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Helium-filled hard disk drive

Western Digital/Hitachi produce alternative to air-filled hard drives

HGST (formerly Hitachi Global Storage Technologies and now a Western Digital company) introduced a new helium-filled hard disk drive (HDD) platform.

These new helium-filled models are at the forefront of advanced technology for increasing capacity and significantly reducing total cost of ownership in the enterprise and the cloud, the Irvine, Calif.-based company said.

New helium-filled products are expected in 2013, said HGST. The new platform enables HGST to go beyond its five-platter design, providing a path for higher capacity storage. With industry-wide challenges in scaling current areal density technologies, this new platform allows HGST to design seven-platter drives in a standard 3.5-inch form factor that can extend the capacity and cost-per-gigabyte curve.

In addition, the inherent benefits of the platform, including the helium fill, allow HGST to significantly improve data centre TCO on capacity, power, cooling and storage density, the company added.

According to HGST, with the explosion of data resulting from mobile devices, Internet services, social media and business applications, corporate, cloud and big data customers are constantly looking for ways to improve their storage infrastructure costs and their bottom line. Also, new storage models, such as cold storage, are evolving in ways that require enormous amounts of data to be stored and available within a moment’s notice. These hyperscale datacenters must deploy massive amounts of storage with the best TCO to help them manage their costs and growing storage needs. And when it comes to TCO, numbers matter most – cost-per-terabyte, watt-per-TB, TB-per-system weight and TB-per-square foot.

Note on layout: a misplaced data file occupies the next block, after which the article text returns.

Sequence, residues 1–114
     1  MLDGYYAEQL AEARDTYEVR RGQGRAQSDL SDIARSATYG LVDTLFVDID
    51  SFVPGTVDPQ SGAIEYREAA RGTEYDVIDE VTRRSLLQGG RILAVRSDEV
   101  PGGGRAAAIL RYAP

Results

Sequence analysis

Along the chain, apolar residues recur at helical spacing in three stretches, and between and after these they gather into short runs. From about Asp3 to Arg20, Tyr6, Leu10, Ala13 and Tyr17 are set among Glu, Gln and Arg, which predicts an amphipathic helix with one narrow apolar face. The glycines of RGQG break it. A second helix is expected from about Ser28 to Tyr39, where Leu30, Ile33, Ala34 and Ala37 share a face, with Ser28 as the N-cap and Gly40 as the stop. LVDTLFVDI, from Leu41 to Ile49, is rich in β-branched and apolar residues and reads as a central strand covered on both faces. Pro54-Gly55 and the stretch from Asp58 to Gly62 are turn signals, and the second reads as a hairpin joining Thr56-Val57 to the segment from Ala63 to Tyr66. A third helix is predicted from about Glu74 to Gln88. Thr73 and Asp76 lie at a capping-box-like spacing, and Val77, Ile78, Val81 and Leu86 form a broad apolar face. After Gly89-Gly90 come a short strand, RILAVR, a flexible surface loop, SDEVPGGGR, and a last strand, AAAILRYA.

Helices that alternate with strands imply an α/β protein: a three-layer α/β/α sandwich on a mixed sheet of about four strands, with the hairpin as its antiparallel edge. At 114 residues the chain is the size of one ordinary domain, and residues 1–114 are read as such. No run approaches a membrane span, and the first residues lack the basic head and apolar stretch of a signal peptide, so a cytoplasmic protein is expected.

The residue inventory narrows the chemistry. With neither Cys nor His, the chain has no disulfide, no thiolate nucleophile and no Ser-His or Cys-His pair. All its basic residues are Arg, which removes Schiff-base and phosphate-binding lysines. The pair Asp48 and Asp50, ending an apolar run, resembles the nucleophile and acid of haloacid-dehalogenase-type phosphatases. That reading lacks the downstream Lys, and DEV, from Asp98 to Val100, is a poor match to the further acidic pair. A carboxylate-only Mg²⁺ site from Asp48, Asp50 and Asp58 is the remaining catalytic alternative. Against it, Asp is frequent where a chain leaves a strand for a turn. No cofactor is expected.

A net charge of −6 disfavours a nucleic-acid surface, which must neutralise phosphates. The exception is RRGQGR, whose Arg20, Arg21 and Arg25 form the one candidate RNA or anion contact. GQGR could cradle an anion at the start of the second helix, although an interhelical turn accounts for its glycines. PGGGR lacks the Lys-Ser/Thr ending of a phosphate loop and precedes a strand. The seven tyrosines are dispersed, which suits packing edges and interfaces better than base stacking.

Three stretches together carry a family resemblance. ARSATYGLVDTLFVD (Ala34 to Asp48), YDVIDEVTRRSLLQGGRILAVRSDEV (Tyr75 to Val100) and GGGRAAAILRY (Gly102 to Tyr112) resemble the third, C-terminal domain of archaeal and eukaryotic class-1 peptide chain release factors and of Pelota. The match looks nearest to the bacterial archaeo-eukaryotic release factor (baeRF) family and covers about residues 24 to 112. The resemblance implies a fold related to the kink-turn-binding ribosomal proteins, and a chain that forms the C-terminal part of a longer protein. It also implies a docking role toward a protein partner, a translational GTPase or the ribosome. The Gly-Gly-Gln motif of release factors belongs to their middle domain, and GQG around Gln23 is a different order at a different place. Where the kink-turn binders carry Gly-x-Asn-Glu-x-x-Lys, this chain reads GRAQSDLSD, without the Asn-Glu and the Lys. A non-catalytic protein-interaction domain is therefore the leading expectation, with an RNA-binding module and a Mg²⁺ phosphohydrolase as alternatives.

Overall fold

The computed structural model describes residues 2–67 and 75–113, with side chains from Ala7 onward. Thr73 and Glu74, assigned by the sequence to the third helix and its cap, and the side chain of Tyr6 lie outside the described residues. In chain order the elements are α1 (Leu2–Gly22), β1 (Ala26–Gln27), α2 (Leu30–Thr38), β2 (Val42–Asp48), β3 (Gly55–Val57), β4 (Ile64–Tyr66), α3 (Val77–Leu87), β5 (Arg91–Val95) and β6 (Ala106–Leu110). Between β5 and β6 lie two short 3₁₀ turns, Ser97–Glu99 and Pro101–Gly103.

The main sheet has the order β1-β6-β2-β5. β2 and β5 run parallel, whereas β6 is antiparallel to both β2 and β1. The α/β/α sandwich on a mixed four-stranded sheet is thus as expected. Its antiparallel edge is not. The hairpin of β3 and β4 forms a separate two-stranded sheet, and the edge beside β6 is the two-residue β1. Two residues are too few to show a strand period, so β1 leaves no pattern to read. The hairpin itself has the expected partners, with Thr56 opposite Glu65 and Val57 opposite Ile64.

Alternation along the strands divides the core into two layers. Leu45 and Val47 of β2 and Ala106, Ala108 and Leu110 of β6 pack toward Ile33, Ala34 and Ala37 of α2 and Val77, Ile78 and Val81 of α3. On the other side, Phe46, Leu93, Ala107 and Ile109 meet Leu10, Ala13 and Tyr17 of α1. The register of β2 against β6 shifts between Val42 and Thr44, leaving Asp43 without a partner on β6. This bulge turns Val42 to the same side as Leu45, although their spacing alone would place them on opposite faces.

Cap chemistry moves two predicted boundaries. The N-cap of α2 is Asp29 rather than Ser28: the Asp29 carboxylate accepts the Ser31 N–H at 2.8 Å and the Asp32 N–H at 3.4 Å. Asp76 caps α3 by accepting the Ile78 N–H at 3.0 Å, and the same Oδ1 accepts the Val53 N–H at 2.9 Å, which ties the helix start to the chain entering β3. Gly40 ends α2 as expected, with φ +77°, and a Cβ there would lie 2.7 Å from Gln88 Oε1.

The density of helium is one-seventh that of air, delivering significant advantages to HGST’s sealed-drive platform. The lower density means dramatically less drag force acting on the spinning disk stack so that mechanical power into the motor is substantially reduced. The lower helium density also means that the fluid flow forces buffeting the disks and the arms, which position the heads over the data tracks, are substantially reduced allowing for disks to be placed closer together (i.e., seven disks in the same enclosure) and to place data tracks closer together (i.e., allowing continued scaling in data density). The lower shear forces and more efficient thermal conduction of helium also mean the drive will run cooler and will emit less acoustic noise.

Steve Campbell, chief technology officer at HGST, said the benefits of operating a HDD with helium fill have been known for a long time. The breakthrough is in the product and process design, which seals the helium inside the HDD enclosure cost effectively in high-volume manufacturing.